Will Jens Stoltenberg’s Visit to Georgia Have Any Grand Implications?

NATO Secretary General Jens Stoltenberg arrived in the Georgian capital for a two-day official visit on August 26.

Foreign Minister of Georgia, Tamar Beruchashvili, and Head of NATO Liaison Office, William Lahue, greeted the high-ranking official of the Alliance at Tbilisi International Airport. It is known that Stoltenberg’s visit, besides meeting with some high governmental officials and policy makers, was mainly dedicated to opening the NATO Training Center at the Krtsanisi Military Base.

Giorgi Margvelashvili, Georgian President hosted Stoltenberg at the Presidential Palace. Reportedly, the two assessed the achieved progress of Georgia on its path to integration in the alliance. The Georgian President, with the NATO delegation, discussed some regional security issues and Georgia’s occupied territories, including the ongoing so-called borderization process by Russia.

The Secretary General paid tribute to the soldiers fallen for Georgia’s freedom and laid a wreath at the Memorial of Heroes. 

For the main event during the visit, the NATO-Georgia Joint Training and Assessment Center was opened in Krtsanisi on August 27. The Secretary General also met with the soldiers of the armed forces who had been trained for NATO’s Rapid Response Forces (RRF).

“NATO Secretary General Jens Stoltenberg’s visit is a clear demonstration of NATO’s support for Georgia,” Tamar Beruchashvili told media.

The Minister emphasized that the visit is the continuation of a high-level political dialogue, which has been intensive in recent years.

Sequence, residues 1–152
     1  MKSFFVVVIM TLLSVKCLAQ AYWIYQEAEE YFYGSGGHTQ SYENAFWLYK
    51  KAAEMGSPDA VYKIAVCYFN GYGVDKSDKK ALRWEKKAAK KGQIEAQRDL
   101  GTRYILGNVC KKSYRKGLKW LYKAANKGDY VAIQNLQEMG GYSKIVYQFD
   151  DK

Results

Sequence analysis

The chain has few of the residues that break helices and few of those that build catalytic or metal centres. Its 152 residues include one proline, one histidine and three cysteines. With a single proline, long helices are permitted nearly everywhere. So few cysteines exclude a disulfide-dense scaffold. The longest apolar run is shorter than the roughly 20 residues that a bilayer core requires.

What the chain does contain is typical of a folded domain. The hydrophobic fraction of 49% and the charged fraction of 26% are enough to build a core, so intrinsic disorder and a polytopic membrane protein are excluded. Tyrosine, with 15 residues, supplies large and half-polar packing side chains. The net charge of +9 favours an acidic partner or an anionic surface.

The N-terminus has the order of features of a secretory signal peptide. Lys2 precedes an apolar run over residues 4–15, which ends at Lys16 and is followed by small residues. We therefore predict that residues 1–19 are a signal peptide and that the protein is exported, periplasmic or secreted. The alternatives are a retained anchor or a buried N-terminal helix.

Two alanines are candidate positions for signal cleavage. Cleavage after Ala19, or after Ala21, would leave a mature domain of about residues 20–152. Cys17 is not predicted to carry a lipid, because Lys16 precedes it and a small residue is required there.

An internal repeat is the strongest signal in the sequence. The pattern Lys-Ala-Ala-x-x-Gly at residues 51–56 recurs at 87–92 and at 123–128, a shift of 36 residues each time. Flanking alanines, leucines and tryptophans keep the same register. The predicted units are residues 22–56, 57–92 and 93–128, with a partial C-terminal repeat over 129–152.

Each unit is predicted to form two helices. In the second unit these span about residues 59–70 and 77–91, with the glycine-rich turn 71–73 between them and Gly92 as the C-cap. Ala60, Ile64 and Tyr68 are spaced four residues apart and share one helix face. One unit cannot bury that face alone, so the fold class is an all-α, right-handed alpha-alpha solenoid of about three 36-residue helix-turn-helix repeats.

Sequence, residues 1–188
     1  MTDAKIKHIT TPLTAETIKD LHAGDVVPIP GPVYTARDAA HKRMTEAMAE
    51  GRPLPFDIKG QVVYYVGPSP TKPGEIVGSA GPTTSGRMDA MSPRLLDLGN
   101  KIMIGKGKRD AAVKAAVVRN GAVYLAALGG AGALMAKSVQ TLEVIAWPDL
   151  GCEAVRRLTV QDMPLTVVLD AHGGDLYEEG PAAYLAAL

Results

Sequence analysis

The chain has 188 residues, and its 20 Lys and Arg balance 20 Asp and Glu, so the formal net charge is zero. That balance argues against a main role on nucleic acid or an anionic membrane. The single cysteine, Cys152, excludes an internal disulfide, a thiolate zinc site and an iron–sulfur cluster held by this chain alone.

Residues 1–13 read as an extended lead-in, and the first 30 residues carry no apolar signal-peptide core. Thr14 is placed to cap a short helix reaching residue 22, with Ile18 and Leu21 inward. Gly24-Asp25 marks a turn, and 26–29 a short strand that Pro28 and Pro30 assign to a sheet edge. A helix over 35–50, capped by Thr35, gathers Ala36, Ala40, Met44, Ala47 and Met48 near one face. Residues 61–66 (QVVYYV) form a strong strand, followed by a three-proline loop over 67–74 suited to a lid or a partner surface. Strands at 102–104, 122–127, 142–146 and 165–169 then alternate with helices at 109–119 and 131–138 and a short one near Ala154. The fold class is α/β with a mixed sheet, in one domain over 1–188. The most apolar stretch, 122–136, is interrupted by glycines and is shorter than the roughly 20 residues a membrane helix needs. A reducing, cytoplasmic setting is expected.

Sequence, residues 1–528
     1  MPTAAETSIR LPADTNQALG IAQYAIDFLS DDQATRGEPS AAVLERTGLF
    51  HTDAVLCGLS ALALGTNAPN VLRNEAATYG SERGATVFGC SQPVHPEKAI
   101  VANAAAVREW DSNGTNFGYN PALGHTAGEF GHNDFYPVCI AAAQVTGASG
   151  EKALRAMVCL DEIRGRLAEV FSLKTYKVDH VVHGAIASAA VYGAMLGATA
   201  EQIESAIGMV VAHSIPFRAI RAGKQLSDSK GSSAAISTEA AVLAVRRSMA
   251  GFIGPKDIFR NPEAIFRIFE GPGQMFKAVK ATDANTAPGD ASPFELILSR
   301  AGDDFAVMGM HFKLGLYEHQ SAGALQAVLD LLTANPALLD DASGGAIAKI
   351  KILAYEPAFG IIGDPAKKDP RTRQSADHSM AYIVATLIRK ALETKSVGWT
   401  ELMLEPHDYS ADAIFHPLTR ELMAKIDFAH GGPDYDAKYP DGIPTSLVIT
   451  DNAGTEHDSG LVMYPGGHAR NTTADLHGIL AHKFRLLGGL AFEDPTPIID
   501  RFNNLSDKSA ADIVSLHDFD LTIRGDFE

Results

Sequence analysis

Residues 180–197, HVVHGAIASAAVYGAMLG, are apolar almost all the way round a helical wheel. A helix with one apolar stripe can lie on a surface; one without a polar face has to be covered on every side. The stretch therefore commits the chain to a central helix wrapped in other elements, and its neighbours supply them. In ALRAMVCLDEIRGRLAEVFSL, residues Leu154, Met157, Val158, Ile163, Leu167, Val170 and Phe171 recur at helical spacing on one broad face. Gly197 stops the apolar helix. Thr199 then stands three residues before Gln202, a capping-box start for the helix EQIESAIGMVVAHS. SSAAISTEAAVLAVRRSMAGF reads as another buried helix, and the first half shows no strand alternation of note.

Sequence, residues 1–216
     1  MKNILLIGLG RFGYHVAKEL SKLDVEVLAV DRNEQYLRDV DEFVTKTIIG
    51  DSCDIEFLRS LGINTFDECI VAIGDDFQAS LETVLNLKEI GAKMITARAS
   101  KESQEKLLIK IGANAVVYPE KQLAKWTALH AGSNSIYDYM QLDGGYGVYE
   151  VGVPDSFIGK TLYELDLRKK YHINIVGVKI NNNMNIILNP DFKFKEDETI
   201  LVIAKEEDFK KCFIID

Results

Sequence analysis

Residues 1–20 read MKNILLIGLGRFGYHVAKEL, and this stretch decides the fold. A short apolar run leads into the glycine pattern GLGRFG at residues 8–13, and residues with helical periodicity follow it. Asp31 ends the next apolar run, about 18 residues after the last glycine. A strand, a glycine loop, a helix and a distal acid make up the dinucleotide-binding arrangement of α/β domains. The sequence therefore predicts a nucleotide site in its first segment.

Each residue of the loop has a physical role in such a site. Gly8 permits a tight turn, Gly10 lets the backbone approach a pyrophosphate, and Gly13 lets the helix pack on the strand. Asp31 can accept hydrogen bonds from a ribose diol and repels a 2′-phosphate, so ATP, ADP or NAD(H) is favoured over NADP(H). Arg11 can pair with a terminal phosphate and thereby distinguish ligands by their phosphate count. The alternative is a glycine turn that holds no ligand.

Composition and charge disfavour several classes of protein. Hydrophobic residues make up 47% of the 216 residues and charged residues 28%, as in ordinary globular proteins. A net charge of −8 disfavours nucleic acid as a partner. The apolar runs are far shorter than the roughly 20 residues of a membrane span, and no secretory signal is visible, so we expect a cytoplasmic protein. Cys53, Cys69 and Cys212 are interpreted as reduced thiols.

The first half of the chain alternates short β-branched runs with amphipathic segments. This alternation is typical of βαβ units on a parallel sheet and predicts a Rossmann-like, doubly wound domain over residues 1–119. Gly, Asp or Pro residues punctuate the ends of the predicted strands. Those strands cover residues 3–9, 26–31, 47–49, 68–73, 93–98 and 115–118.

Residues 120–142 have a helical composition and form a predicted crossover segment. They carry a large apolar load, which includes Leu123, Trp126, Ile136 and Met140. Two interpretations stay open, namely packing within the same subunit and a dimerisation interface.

“The visit is very important and is a clear demonstration of the fact that Georgia is a significant part of the alliance’s agenda. It is very important for NATO to get familiar with the ongoing processes in the region, including Georgia’s reforms,” Beruchashvili maintained.

Analysis by Georgia Today’s Zviad Adzinbaia:

This is the first time Jens Stoltenberg has visited Georgia as NATO Secretary General. The visit and the opening of the Training Center are of high importance and reflects support towards Georgia. At the same time, Georgia, which has successfully implemented an array of reforms throughout the past decade, is expecting more than words this time as the security situation in the region has worsened due to Russian aggression.

Looking back to the Bucharest Summit of 2008, Georgia, after what Ron Asmus called a ‘Diplomatic Shootout’, was promised its eventual membership in the alliance, a decision which was followed by full-scale Russian military aggression in Georgia to destroy the progress achieved by the country.

In addition, current developments in Ukraine have lucidly demonstrated that if a security umbrella of the west does not cover Georgia, she will probably be a dessert cake for Russia. It is widely believed that NATO can even be enlarged without granting a Membership Action Plan (MAP), which is considered a roadmap for the alliance. As Georgia has implemented diverse packages, including the Annual National Programs (ANP), it is time for the alliance to make some tangible and daring decisions.

Will Stoltenberg’s visit change the picture and prepare Georgia for better news at the forthcoming NATO Warsaw Summit next year?

Zviad Adzinbaia

27 August 2015 21:44